Trojan Battery Co. states that you need “at least” 10% of your AH rating anything smaller will take a prolonged time to charge. ( There are tons of charging charts out there, use the one for your type of battery and charge settings that the battery mfd has on that type.) A larger amp converter with a (4) stage charger(PWM) will regulate the amps going into the batteries and drop amperage as the voltage climbs to meet the set point for the battery type.( deep cell lead acid, VRLA, AGM, Etc.) The amount of amps your converter/charger has is not as important as the charge voltage rating and how it finishes the charge process. As I stated I’ve been using (2)-group #24 for 4 years before we up graded to deep cycle batteries 2 years ago, charged them with a 70 amp PD 9200 with Charge wizard. I just pulled them out of our 5er and thay are holding a wonderful charge of 12.82 volts after sitting for a week! I also had that bank of (4)-Trojan T-105 RE 6 volts charging with them and all is well with the world. The biggest problem with batteries is undercharging and bad maintenance. ( Checking the water levels!!!) Now that said I have seen a bad converter or two out there, and one stuck in “Bulk”, whether its 8 amps or 80 amps will fry any battery after a period of time. This is were you need to make sure not to “cheep out” and get a good (3) or better (4) stage PWM converter/charger.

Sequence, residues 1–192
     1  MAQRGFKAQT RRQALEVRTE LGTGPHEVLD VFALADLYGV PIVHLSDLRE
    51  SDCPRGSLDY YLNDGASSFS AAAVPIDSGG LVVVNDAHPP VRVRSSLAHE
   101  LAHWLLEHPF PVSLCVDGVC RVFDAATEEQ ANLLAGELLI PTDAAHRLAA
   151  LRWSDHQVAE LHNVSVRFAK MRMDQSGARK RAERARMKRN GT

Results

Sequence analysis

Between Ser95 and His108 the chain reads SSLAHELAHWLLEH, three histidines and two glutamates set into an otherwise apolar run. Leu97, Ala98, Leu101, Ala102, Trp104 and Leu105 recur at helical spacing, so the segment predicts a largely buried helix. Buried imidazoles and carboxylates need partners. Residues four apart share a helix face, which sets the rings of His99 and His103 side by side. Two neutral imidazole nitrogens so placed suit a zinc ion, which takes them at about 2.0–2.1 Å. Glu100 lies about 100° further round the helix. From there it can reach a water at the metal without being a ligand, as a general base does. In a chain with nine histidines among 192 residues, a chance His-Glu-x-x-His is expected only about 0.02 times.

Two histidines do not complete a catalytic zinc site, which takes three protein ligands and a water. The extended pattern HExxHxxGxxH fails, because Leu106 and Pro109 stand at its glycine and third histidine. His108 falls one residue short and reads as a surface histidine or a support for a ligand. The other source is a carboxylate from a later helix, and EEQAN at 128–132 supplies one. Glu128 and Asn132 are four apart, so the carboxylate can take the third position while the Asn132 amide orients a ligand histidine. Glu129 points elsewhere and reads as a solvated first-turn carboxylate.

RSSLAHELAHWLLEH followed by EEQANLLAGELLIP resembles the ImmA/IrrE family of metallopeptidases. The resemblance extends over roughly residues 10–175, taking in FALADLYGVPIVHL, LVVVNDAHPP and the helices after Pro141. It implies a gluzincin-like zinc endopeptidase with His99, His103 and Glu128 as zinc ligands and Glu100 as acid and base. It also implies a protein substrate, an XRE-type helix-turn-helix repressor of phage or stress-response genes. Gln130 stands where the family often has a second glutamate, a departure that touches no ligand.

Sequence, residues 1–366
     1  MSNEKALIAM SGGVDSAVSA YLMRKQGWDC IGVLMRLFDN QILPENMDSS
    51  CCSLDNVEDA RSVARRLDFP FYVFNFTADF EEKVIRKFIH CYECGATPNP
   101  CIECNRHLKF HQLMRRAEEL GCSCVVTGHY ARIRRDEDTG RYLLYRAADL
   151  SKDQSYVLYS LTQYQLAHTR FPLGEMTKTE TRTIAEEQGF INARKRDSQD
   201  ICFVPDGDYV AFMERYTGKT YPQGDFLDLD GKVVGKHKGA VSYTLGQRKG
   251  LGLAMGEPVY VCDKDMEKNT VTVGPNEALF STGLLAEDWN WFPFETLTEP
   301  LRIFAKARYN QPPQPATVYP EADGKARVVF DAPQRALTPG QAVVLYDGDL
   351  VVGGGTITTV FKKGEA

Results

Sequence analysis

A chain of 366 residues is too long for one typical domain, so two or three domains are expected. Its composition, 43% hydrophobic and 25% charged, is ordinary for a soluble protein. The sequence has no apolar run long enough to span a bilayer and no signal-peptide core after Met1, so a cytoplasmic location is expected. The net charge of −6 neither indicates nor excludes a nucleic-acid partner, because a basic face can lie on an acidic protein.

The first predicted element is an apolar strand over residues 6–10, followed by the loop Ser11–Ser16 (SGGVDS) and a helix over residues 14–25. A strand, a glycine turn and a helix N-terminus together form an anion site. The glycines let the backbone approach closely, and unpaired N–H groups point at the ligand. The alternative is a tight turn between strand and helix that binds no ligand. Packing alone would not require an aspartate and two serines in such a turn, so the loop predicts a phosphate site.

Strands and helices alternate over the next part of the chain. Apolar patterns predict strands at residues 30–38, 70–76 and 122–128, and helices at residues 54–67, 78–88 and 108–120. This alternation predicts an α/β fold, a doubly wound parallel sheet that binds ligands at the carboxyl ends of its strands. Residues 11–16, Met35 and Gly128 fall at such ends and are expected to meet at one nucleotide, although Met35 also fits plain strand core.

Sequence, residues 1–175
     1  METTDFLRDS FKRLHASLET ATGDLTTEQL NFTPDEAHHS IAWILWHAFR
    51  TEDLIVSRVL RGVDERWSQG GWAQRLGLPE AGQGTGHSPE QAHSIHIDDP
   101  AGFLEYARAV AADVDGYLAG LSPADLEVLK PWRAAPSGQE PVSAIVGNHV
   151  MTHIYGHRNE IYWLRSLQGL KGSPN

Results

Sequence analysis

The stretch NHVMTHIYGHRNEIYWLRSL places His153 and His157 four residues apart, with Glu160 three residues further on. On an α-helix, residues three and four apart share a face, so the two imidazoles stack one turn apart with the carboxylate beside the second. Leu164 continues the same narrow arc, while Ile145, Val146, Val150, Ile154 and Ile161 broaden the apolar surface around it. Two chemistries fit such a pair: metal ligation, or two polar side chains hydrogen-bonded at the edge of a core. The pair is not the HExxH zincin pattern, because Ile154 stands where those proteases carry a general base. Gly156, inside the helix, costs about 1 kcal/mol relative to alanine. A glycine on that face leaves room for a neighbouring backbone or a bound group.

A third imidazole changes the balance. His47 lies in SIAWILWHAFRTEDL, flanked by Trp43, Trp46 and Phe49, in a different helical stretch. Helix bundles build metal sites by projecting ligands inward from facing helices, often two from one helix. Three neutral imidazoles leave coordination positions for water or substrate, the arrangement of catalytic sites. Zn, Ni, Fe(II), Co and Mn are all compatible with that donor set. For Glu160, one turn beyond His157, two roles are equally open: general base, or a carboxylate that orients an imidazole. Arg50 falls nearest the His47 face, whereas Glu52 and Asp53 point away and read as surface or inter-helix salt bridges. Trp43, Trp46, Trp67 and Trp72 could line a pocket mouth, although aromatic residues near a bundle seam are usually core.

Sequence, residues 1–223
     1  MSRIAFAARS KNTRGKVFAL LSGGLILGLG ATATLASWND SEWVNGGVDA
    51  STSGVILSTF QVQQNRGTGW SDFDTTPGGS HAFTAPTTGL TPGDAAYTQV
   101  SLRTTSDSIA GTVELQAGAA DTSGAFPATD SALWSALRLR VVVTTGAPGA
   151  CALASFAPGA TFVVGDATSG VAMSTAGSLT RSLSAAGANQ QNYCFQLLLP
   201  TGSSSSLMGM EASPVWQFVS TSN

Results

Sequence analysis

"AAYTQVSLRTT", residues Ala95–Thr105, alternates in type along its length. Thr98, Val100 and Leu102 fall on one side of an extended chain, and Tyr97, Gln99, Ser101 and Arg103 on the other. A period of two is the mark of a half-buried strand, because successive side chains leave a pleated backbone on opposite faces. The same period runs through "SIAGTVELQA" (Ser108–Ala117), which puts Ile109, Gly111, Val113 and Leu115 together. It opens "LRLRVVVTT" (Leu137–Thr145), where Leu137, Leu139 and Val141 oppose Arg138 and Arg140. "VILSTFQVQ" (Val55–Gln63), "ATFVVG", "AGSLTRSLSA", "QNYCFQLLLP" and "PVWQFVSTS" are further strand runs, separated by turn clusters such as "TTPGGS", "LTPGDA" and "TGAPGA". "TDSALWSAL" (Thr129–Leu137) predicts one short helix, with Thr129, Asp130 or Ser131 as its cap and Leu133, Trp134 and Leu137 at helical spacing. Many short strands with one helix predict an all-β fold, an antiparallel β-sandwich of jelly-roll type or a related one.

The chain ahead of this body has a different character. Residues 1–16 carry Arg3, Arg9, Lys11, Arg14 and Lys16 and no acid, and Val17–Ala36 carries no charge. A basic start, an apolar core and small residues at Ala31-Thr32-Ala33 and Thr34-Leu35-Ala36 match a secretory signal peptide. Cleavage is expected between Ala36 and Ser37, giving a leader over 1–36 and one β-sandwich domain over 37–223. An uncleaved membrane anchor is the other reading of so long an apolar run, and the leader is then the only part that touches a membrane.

Here is a quote from “Handybobsolar” on deep cell batterys and the charging of them.
” All of the talk about how many amps a charger puts out means nothing. It is the volts (pressure) that you need to push the amps (volume) into a battery. VOLTS, VOLTS, VOLTS!! Also, the amps pushed into a battery at a higher voltage contain more power than those at a lower voltage. Remember, volts times amps equals watts, so amps pushed at 10% higher volts give you 10% more watts. Therefore, the power stored in the upper range of a battery’s charge is greater, so it is very important to get a full charge. Low voltage DC is not easy to get through wire without losing power due to voltage drop or resistance. It is huge problem in an RV. Use big wires and short wiring runs to get around this.”
He also explains how batteries get a full charge—————————————————-